BIRMINGHAM, AL (WBRC) - It is another delay for getting Jefferson County worker back to work. Attorneys for the county will wait until next week to access funds to possibly help pay for the employees return.
Some are not waiting. Michael Morrison hoped to be back at work by now but with mounting bills he is looking elsewhere."I've got a house payment. A mouth to feed. A dog needs to go to the vet. Got to pay for my car. I don't know if I can hold out much longer." says Morrison.
Lisa Pack, a county employee has started a Facebook page on the internet, Friends of Jefferson County. This keeps the employees up to date on efforts to return them to work. Pack says for some the loss of a paycheck is hurting them emotionally."They are having to seek mental and professional help. Suicidal. It's getting suicidal for some of them." says Pack.
Pack has encouraged some county workers to seek other jobs. This week Jefferson County Commissioner Bobby Humphryes pressed the commission to come with a place to bring the workers back.
"My main concern is getting the employees back to work and getting the county back to operating like they are supposed to." says Humphryes.
The county's legal team hopes DeKalb County Judge David Rains if they can spend money out of the escrow account or the old job tax money to pay to bring the employees back on the job.
But, for some it may be too late."I've got the resume together starting Monday, I'm going to be aggressive finding another job." says Morrison.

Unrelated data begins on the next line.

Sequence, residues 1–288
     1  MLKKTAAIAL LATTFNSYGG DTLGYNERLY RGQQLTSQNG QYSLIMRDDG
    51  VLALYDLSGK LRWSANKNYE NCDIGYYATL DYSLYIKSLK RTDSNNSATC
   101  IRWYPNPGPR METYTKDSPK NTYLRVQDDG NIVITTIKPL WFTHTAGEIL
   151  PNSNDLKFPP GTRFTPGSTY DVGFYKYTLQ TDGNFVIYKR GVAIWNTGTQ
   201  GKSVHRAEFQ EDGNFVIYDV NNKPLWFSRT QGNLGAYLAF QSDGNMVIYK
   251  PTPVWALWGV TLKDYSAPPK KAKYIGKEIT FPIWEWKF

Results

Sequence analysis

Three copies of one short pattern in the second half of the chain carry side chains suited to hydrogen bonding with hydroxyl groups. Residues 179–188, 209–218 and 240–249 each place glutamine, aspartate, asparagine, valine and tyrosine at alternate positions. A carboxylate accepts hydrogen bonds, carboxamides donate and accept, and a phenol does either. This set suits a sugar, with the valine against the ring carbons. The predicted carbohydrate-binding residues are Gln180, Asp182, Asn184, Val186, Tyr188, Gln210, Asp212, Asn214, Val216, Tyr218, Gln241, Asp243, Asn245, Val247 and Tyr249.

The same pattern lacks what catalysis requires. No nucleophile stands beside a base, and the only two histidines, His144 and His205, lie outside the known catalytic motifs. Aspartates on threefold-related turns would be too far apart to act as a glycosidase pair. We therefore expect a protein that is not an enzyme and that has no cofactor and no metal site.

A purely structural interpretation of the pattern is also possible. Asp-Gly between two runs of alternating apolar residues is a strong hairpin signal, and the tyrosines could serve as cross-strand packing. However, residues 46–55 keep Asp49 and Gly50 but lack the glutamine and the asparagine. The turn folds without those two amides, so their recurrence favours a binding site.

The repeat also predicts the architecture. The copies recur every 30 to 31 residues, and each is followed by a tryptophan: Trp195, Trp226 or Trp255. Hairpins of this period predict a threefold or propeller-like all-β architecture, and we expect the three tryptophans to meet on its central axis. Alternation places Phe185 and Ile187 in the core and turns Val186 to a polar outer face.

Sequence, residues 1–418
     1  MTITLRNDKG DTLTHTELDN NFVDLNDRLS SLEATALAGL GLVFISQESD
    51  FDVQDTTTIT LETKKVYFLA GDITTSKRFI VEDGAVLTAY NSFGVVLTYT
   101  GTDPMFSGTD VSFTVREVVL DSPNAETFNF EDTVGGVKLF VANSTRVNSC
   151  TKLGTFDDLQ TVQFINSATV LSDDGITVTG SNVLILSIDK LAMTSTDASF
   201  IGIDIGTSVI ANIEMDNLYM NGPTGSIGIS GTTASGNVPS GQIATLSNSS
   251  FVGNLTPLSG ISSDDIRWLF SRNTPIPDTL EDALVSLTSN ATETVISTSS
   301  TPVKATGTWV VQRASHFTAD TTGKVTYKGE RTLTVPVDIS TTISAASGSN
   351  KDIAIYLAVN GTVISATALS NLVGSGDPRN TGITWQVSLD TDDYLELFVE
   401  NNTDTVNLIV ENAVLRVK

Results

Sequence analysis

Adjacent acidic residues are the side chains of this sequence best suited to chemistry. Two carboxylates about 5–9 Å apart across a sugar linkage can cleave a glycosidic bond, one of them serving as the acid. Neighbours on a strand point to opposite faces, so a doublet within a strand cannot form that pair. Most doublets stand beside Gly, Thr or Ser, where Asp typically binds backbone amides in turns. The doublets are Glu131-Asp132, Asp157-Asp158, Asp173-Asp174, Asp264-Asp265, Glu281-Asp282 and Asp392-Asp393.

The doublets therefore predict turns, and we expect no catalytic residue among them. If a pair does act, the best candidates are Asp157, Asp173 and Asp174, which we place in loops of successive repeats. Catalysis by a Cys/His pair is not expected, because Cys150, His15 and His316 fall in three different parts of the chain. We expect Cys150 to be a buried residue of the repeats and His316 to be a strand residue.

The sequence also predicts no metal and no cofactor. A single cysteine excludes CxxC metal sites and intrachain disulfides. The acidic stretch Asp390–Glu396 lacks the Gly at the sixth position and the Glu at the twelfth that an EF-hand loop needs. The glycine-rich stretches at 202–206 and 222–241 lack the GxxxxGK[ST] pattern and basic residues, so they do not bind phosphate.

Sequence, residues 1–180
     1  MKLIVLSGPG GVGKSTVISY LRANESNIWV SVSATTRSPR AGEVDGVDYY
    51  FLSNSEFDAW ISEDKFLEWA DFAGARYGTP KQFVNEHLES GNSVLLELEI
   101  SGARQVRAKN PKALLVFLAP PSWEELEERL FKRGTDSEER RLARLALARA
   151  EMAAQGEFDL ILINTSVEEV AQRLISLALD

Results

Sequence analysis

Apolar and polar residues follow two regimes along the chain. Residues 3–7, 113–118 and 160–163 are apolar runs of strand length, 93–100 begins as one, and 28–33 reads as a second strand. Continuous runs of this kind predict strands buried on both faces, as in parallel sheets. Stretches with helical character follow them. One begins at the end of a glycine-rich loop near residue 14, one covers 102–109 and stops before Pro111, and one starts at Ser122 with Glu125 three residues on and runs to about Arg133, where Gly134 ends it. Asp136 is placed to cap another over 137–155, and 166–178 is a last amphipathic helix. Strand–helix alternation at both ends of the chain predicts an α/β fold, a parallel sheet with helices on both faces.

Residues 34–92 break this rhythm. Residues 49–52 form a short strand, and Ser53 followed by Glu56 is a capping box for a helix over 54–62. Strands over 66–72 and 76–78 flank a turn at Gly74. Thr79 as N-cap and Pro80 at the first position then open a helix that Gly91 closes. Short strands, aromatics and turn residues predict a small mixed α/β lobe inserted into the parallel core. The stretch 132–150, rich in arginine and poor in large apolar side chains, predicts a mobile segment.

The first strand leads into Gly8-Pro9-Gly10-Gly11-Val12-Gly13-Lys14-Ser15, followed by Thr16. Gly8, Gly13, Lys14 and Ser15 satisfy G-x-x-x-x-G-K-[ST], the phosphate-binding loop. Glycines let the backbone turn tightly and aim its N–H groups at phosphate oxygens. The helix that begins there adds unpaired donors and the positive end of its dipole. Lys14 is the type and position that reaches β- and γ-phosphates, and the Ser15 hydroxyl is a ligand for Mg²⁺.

Jefferson County attorneys say the county cannot bring back workers without money. Papers will be filed with DeKalb County Judge David Rains asking permission to spend money out of a job tax escrow account to bring the employees back."The county is still subject to a trial court injunction. Until that is modified or lifted the escrow account is not available to anything." says Jeff Sewell, county attorney.
Here is breakdown of the numbers of a possible refund to taxpayers out of that escrow account.
There is a about $17 million in the account.
The county spent about $22 million out of it since January.
Taxpayers may be due a combined $38 million in a refund.
With 300,000 workers due refunds
The average would be $130.
The attorneys who filed the lawsuit which led to the job tax being declared illegal are expected to be paid out the money due taxpayers."Normally it's between 20 to 30 percent of whatever goes back to the folks. I don't know what the number is until we look at the number. I hope it's a whole bunch." says Jim McFerrin, attorney.
This means McFerrin and his partner, Sam Hill could be paid between $8 to $10 million. After that taxpayers will be paid their refunds.
"The normal procedure is for the trail court to establish a procedure to get refunds to fold in whatever manner." says McFerrin.